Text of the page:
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I have a list '(1 2 1 1 4 5) and want output list as '((1 3)(2 1)(4 1)(5 1)). I have written a small code but I am stuck with how to calculate the cardinality for each number and then put it as pair in list. Can anyone please look at my code and give some ideas? Thanks.

(define set2bags
  (lambda (randlist)
    (cond ((null? randlist) '())
           (sort randlist)
           (makepairs randlist)))))

(define makepairs
  (lambda (inlist)
    (let ((x 0)) ((newlist '()))
      (cond ((zero? (car inlist)) '())
             (eq? (car inlist)(car (cdr inlist))) 
             (+ x 1) 
             (makepairs (cdr inlist)) 
             (append newlist (cons (car inlist) x)))))))
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up vote 2 down vote accepted

Your current solution is incorrect - it doesn't even compile. Let's start again from scratch, using a named let for traversing the input list:

(define set2bags
  (lambda (randlist)
    (cond ((null? randlist) '())
          (else (makepairs (sort randlist >))))))

(define makepairs
  (lambda (inlist)
    (let loop ((lst inlist)
               (prv (car inlist))
               (num 0)
               (acc '()))
      (cond ((null? lst)
             (cons (list prv num) acc))
            ((= (car lst) prv)
             (loop (cdr lst) prv (add1 num) acc))
             (loop (cdr lst) (car lst) 1 (cons (list prv num) acc)))))))

Now it works as expected:

(set2bags '(1 2 1 1 4 5))
=> '((1 3) (2 1) (4 1) (5 1))

The trick is keeping a counter for the cardinality (I called it num), and incrementing it as long as the same previous element (I named it prv) equals the current element. Whenever we find a different element, we add a new pair to the output list (called acc) and reset the previous element and the counter.

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yea. :/ I didn't how to compute the cardinality. Great help. Thanks. – far_kurt Aug 8 '13 at 3:34
(Being new to scheme.) Just interested to know can it be done via recursion? – far_kurt Aug 8 '13 at 3:44
@user2662909 this is using recursion. I created a "named let" for iteration, I chose to call it loop (you can rename it to any name you want), but it's not really a loop - it's just the name for a function, and when I call it (loop ...) it's a recursive function call. – Óscar López Aug 8 '13 at 3:46
im sorry, i confused it w/ for/loop functions. – far_kurt Aug 8 '13 at 3:54
can you please suggest a method to add the cardinalities of all pairs? I am trying car/cdr on the above output list, but not working fine. – far_kurt Aug 8 '13 at 4:57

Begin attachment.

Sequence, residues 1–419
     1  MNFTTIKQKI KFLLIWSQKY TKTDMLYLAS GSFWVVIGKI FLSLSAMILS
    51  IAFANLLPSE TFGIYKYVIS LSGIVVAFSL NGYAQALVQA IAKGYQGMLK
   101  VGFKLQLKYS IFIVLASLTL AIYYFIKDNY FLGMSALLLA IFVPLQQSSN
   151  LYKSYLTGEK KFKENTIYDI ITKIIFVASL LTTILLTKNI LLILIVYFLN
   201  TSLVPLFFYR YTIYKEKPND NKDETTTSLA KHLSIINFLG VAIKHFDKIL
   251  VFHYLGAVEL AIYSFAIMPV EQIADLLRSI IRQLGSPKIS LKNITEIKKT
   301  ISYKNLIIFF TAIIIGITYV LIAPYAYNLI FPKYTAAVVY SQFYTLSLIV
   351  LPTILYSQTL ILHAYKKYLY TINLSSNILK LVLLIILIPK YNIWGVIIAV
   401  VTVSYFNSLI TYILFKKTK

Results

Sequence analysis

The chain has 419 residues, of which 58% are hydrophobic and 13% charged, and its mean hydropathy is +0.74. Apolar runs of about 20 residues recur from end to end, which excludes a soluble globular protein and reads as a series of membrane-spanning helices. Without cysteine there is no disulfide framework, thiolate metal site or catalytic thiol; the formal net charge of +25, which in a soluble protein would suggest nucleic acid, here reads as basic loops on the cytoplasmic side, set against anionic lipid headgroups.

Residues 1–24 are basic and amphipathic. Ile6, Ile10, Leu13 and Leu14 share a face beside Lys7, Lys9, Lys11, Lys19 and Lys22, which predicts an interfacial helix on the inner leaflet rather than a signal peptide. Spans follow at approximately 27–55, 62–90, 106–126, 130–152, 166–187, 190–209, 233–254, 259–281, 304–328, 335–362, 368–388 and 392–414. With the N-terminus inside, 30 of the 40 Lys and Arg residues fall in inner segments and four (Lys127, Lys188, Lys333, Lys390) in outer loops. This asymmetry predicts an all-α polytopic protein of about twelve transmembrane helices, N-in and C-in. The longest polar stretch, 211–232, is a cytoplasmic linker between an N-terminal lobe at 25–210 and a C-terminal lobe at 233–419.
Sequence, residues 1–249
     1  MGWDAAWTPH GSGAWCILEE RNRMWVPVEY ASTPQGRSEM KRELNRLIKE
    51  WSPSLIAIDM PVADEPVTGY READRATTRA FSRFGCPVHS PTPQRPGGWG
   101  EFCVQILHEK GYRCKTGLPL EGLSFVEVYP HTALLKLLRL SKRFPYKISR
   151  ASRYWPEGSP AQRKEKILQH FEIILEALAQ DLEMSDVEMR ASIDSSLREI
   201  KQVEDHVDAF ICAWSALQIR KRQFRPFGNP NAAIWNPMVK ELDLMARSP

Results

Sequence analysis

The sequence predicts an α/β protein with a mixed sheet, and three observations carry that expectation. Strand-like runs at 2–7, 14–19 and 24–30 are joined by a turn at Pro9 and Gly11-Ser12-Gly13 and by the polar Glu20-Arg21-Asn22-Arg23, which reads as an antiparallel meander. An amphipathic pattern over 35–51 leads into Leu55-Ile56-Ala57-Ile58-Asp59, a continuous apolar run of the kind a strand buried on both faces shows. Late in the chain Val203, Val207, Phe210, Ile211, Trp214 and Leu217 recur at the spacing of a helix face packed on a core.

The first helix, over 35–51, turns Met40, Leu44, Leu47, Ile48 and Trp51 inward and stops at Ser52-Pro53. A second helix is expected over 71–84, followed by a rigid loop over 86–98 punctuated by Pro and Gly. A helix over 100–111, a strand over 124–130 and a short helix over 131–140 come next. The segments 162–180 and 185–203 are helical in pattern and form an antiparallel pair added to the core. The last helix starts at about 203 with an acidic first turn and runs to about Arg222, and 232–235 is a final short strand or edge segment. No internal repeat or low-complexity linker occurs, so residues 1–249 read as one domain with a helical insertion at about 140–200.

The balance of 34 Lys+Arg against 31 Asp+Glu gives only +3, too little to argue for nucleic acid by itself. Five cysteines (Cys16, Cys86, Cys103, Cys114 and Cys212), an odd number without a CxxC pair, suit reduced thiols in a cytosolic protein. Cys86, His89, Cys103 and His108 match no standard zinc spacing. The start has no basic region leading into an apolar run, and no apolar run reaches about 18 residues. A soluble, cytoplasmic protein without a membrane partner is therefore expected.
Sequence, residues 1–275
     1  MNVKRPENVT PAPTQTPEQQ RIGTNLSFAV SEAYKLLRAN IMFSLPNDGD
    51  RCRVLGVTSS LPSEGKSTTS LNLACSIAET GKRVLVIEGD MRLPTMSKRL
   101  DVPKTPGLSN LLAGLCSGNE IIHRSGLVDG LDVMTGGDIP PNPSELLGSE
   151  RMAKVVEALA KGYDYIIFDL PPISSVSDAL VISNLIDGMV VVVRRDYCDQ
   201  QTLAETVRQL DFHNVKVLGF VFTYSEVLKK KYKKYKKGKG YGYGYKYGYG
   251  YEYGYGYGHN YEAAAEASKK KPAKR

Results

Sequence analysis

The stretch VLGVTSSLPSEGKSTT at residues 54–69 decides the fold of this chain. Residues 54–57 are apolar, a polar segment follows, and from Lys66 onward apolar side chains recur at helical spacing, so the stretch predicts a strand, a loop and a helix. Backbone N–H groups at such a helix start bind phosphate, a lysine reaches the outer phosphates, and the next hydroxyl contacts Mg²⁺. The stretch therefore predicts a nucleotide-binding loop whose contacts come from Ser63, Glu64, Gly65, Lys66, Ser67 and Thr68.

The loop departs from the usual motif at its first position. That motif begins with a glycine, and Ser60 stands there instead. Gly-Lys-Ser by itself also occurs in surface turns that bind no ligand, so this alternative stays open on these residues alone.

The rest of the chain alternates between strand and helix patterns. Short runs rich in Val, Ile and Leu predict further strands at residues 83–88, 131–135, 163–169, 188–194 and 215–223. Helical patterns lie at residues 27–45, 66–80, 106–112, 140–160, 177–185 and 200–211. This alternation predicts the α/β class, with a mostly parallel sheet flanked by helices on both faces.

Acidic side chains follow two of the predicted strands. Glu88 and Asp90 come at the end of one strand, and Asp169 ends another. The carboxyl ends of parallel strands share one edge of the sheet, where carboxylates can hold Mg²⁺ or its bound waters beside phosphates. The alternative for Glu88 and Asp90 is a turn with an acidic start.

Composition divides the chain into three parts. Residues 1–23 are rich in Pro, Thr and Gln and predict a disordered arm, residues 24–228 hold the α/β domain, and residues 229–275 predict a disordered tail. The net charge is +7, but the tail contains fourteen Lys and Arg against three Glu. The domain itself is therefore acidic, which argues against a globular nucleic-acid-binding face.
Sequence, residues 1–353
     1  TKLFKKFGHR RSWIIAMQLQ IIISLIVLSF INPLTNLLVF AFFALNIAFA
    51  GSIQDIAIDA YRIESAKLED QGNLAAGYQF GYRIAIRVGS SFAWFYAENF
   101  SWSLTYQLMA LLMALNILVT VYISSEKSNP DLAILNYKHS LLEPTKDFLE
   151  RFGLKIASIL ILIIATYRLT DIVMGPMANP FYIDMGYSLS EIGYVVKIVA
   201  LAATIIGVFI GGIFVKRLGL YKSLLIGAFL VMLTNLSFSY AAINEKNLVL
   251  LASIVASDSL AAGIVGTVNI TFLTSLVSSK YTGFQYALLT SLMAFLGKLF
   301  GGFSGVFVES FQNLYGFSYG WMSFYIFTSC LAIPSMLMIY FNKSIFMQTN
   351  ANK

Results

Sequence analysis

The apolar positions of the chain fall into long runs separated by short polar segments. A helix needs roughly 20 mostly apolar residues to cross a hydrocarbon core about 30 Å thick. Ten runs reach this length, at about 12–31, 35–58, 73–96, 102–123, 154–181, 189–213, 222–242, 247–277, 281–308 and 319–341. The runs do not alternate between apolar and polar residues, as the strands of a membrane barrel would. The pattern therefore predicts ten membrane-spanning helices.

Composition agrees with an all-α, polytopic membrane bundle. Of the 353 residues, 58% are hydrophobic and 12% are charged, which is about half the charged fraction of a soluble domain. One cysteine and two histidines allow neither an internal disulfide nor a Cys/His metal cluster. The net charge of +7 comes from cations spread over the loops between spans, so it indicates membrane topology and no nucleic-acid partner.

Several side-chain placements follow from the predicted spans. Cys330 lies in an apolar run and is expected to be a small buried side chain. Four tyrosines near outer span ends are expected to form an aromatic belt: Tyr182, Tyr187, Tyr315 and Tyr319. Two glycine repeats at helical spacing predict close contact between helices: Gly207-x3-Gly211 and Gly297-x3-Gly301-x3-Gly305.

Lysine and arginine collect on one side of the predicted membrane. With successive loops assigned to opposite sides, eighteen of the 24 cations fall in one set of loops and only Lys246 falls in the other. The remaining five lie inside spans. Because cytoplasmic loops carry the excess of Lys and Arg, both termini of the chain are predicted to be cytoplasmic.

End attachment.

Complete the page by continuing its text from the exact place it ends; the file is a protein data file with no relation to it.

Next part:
Your code is fairly hard to read without proper formating. I notice a two branch cond, which is easier to read as an if.

In your else clause of set2bags, you call (sort randlist) but leave it as is. You actually want to use this in the next s-expression (makepairs (sort randlist))

So far a pretty good idea.

Now in makepairs you should have better abstraction, say let variables like-first and unlike-first. If the inlist is null, then the function should be the null list, else it's the pair with the car being the list of the car of like-first and the length of like-first and the cdr being the result of calling makepairs on the unlike-first list

(define (makepairs inlist)
 (let ((like-first (filter (lambda (x) (equal? x (car inlist)) inlist))
       (unlike-first (filter (lambda (x) (not (equal? x (car inlist))) inlist)))
  (if (null? inlist)
       (cons (list (car inlist) (length like-first)) (makepairs unlike-first)))))

more effecient version

(define (makepairs inlist)
 (if (null? inlist)
     (let loop ((firsts (list (car inlist))) 
               (but-firsts (cdr inlist)))
       (if (or (null? but-firsts) 
               (not (equal? (car firsts) (car but-firsts))))
           (cons (list (car firsts) (length firsts)) 
                 (makepairs but-firsts))
           (loop (cons (car but-firsts) firsts) (cdr but-firsts))))))

]=> (makepairs (list 1 1 1 2 4 5))

;Value 17: ((1 3) (2 1) (4 1) (5 1))

If you have your own implementation of sort, say a mergesort you could write this right into the merge part for the best effeciency.

(define (set2bags lst)
 (mergesort2bags lst <))

(define (mergesort2bags lst pred)
 (let* ((halves (divide-evenly lst))
        (first-half (car halves))
        (other-half (cadr halves)))
 (cond  ((null? lst) '())
        ((null? (cdr lst)) (list (list (car lst) 1)))
             (mergesort2bags first-half pred)
             (mergesort2bags other-half pred)

(define (divide-evenly lst)
 (let loop
  ((to-go lst)
   (L1 '())
   (l2 '()))
  (if (null? to-go)
      (list L1 L2)
      (loop (cdr to-go) (cons (car to-go) L2) L1))))

(define (merge-bags L1 L2 pred)
 (cond ((null? L1) L2)
       ((null? L2) L1)
       ((pred (caar L1) (caar L2))  
        (cons (car L1) (merge-bags (cdr L1) L2 pred)))
       ((equal? (caar L1) (caar L2))
        (cons (list (caar L1) (+ (cadar L1) (cadar L2))) 
              (merge-bags (cdr L1) (cdr L2) pred)))
       (else  (cons (car L2) (merge-bags L1 (cdr L2) pred)))))

(mergesort2bags (list 1 2 1 1 4 5) <)

;Value 46: ((1 3) (2 1) (4 1) (5 1))

I'm thinking for very large datasets with a lot of repetition this method would pay off.

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